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Export to Excel select * from OriginOfSpecies where title = '04-11 - Divergence of Character' order by description limit 4 (Page 1: Row)
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04 - Natural Selection 04-11 - Divergence of Character 120 Full Size
If, then, these two varieties be variable, the most divergent of their variations will generally be preserved during the next thousand generations.

And after this interval, variety a1 is supposed in the diagram to have produced variety a2, which will, owing to the principle of divergence, differ more from (A) than did variety a1.

Variety m1 is supposed to have produced two varieties, namely m2 and s2, differing from each other, and more considerably from their common parent (A).

We may continue the process by similar steps for any length of time; some of the varieties, after each thousand generations, producing only a single variety, but in a more and more modified condition, some producing two or three varieties, and some failing to produce any.

Thus the varieties or modified descendants of the common parent (A), will generally go on increasing in number and diverging in character. In the diagram the process is represented up to the ten-thousandth generation, and under a condensed and simplified form up to the fourteen-thousandth generation.
04 - Natural Selection 04-11 - Divergence of Character 110 Full Size
The intervals between the horizontal lines in the diagram, may represent each a thousand or more generations.

After a thousand generations, species (A) is supposed to have produced two fairly well-marked varieties, namely a1 and m1.

These two varieties will generally still be exposed to the same conditions which made their parents variable, and the tendency to variability is in itself hereditary; consequently they will likewise tend to vary, and commonly in nearly the same manner as did their parents.

Moreover, these two varieties, being only slightly modified forms, will tend to inherit those advantages which made their parent (A) more numerous than most of the other inhabitants of the same country; they will also partake of those more general advantages which made the genus to which the parent-species belonged, a large genus in its own country.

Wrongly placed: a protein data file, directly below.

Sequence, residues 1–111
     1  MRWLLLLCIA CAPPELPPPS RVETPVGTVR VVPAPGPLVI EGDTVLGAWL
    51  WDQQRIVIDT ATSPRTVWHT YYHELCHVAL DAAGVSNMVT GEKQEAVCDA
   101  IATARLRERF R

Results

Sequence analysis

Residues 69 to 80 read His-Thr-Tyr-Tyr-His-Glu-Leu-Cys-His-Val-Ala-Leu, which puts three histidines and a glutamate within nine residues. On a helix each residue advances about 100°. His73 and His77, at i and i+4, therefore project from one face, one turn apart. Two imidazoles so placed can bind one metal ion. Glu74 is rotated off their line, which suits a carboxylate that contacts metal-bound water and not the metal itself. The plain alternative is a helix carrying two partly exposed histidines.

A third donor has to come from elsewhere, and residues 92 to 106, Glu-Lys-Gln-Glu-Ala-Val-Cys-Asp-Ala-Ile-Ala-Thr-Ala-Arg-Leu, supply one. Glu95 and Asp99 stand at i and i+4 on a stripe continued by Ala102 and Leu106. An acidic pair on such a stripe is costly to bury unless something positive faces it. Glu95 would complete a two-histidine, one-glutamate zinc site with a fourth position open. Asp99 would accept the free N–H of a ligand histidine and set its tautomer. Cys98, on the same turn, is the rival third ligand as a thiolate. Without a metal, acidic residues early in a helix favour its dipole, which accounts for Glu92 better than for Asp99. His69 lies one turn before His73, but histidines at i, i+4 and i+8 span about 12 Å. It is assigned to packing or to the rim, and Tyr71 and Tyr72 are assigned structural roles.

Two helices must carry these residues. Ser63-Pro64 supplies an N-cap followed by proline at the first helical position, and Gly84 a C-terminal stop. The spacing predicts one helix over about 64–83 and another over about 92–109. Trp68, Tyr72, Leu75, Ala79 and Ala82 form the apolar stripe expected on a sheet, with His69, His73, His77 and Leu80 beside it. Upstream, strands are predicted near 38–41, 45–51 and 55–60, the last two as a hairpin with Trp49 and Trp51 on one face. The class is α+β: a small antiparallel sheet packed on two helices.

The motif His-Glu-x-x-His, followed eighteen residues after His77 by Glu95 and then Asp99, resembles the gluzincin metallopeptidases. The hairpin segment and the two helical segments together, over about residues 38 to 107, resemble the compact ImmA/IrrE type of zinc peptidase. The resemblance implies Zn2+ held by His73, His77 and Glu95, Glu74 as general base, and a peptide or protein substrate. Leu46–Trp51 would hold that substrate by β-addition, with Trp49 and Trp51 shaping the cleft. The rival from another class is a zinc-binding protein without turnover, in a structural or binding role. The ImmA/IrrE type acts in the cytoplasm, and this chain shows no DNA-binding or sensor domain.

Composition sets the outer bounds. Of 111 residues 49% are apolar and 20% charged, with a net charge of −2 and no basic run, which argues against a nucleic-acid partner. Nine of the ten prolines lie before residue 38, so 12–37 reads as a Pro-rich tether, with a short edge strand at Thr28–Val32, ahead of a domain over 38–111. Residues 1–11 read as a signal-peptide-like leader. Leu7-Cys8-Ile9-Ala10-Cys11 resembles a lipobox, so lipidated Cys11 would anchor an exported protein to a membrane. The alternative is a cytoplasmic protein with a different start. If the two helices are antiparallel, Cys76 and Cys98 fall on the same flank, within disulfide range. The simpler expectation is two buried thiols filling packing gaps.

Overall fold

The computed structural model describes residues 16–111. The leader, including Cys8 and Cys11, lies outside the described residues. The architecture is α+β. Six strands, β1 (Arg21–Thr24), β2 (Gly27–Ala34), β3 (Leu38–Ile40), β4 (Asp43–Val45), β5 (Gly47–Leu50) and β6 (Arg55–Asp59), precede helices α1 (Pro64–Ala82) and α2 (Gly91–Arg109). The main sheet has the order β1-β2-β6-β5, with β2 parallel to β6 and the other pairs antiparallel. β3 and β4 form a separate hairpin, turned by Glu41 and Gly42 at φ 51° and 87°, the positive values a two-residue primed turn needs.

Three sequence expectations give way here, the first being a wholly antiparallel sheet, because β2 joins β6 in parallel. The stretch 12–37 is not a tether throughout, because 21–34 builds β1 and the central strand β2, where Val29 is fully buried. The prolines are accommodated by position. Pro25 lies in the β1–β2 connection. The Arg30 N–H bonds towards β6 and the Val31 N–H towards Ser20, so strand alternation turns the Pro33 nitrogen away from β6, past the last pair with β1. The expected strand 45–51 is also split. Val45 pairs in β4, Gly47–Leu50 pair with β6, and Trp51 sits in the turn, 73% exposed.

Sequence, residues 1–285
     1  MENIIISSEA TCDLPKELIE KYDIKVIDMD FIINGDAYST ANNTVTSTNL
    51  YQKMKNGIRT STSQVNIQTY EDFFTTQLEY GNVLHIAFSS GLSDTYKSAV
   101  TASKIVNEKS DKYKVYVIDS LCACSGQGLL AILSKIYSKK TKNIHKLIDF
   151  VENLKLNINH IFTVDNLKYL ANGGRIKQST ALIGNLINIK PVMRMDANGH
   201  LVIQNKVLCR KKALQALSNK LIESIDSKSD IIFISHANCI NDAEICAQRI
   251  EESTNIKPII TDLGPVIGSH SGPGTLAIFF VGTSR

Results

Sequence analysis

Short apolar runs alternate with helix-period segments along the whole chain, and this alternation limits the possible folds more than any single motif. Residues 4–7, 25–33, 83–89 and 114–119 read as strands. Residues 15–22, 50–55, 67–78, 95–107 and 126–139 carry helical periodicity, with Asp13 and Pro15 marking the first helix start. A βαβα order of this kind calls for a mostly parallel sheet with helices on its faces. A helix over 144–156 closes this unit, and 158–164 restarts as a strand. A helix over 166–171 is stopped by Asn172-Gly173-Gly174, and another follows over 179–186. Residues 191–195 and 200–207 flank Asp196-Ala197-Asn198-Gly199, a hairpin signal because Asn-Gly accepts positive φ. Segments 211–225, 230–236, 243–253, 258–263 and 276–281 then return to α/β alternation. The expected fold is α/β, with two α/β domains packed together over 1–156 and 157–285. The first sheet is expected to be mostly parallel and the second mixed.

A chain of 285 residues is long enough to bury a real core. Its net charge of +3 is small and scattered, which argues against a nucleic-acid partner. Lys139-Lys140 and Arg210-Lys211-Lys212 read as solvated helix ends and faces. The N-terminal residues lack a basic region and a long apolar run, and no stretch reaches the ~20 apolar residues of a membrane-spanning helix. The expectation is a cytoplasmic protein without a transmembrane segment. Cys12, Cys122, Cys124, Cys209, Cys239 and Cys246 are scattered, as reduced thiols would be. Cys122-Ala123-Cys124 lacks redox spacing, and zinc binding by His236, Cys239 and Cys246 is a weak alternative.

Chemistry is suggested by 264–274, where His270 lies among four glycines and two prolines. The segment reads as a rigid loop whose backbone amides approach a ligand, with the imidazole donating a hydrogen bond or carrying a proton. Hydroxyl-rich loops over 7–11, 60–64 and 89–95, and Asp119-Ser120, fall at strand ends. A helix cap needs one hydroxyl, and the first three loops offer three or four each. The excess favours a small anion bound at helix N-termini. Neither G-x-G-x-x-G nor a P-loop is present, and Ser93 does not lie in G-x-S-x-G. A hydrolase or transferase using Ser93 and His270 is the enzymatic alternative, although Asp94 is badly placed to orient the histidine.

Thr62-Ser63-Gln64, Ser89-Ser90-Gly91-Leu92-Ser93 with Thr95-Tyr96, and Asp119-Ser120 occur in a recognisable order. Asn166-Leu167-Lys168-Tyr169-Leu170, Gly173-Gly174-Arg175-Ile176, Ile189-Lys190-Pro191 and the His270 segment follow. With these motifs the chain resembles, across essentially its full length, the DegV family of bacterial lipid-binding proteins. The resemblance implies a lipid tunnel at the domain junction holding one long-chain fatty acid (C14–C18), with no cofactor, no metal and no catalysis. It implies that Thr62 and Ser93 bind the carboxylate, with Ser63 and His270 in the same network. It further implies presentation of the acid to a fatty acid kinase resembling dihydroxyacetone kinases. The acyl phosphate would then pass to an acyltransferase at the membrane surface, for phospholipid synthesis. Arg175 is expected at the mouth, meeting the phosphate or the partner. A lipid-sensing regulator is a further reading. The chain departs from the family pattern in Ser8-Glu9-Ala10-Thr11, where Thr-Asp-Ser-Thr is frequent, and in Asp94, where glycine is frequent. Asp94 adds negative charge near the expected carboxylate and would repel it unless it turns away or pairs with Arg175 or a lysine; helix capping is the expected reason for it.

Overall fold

And all these circumstances are favourable to the production of new varieties.
04 - Natural Selection 04-11 - Divergence of Character 150 After ten thousand generations, species (A) is supposed to have produced three forms, a10, f10, and m10 which, from having diverged in character during the successive generations, will have come to differ largely, but perhaps unequally, from each other and from their common parent.

If we suppose the amount of change between each horizontal line in our diagram to be excessively small, these three forms may still be only well-marked varieties; but we have only to suppose the steps in the process of modification to be more numerous or greater in amount, to convert these three forms into well-defined or at least into doubtful species.

Thus the diagram illustrates the steps by which the small differences distinguishing varieties are increased into the larger differences distinguishing species.
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By continuing the same process for a greater number of generations (as shown in the diagram in a condensed and simplified manner), we get eight species, marked by the letters between a14 and m14, all descended from (A). Thus, as I believe, species are multiplied and genera are formed.
04 - Natural Selection 04-11 - Divergence of Character 90 After the foregoing discussion, which has been much compressed, we may assume that the modified descendants of any one species will succeed so much the better as they become more diversified in structure, and are thus enabled to encroach on places occupied by other beings. Now let us see how this principle of benefit being derived from divergence of character, combined with the principles of natural selection and of extinction, tends to act.